This site contains informative articles about Student Loan Consolidation. student loan consolidation rules,student loan consolidation rebates

Saturday, March 27, 2010

guide to student loans

Federal student loans are an even better deal than before. Rates are fixed now, rather than variable, and students with the most need will see rates as low as 3.4% in the future. Limits on how much you can borrow have been raised a bit, and parents who take out parental student loans now can defer payments while their kids are still in school. Although some lenders have exited the federal student loan market, the U.S. government has stepped into make sure the remaining lenders had access to cash to make loaning.

"The government averted the crisis," said Mark Kantrowitz, the publisher of FinAid and a co-author of "FastWeb College Gold: The Step-by-Step Guide to Pay for College." "You don't have to worry about getting (federal) student loans."

Don't ask your lender for a consolidation loan. Consolidation allows you to make one payment instead of many, and you may be able to lower your payments by stretching out the repayment term from the usual 10 years to as many as 30. You still can consolidate your federal student loans, but you'll need to do so through the federal government. Lenders that used to make these loans have fled the market, saying they aren't profitable anymore. Visit the U.S. Department of Education's loan consolidation site to get starting.

More from MSN
Your 5-minute guide to college costs
Where to stash college savings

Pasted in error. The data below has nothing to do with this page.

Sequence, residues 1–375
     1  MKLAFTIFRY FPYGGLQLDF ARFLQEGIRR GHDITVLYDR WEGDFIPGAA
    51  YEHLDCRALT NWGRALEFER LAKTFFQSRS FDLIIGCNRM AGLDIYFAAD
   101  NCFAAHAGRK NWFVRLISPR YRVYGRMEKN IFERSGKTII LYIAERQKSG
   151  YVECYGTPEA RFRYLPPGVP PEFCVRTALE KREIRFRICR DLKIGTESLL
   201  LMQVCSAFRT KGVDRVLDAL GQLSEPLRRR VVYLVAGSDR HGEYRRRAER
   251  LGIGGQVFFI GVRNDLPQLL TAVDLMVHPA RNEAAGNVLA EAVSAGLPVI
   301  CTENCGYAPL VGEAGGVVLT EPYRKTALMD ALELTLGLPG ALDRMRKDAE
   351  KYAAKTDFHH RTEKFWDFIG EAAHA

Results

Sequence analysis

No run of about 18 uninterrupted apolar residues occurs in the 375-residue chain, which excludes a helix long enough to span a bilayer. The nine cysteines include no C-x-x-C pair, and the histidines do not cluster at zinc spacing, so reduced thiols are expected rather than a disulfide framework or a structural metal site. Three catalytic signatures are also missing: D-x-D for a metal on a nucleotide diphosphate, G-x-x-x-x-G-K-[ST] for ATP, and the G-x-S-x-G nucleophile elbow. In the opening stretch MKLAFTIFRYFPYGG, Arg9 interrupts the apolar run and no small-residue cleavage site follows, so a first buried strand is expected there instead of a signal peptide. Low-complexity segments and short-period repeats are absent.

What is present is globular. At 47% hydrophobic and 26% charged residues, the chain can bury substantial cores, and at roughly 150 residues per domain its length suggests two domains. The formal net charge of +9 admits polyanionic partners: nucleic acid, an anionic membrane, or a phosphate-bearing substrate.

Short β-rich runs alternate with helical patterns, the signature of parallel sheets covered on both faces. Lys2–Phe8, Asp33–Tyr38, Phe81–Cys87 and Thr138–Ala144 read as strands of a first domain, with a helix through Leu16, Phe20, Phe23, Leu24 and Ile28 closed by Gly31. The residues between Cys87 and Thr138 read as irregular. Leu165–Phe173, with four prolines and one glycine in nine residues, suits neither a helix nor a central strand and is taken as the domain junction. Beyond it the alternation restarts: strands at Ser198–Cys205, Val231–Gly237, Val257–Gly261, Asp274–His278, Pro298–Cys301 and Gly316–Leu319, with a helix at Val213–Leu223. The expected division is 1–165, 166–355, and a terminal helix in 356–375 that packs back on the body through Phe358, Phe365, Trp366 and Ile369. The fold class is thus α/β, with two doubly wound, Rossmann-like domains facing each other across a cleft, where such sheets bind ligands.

6 reasons not to save for kids' college
A survival guide for college grads
Find that first apartment

Private student loans are harder to get. If you want to borrow more than the federal student loan limits (which range from $5,500 to $7,500 a year for college students, depending on their year and type of loan), you typically would turn to private student loans. These come with variable rates that currently average 11% to 12%. Nevertheless lenders are demanding higher credit scores plus a co-signer these days.

"You used to be able to get a (private student) loan with a 620 FICO score," Kantrowitz said. "These days you need at least a 650 or even a 700."

Even if you qualify, you need to be extremely cautious about how much private student loan money you borrow. Here's why:

Those variable rates are only going to shoot higher when the economy recovers and interest rates rise, Kantrowitz cautioned. Typically, private student loan rates aren't capped, so the sky's, the limit.

Private loans don't come with the forgiveness and income-based repayment options now available for federal loans.

Private lenders will still loan you far more money than you can comfortably repay. They know you can't escape this debt, so they're comfortable piling it on. Student loaned debt typically can't be erased in bankruptcy court, and there is no limit on how long private lenders can pursue you for collection.

So it's up to you to set limits on how much you'll borrow and search for the best deals.


Post a Comment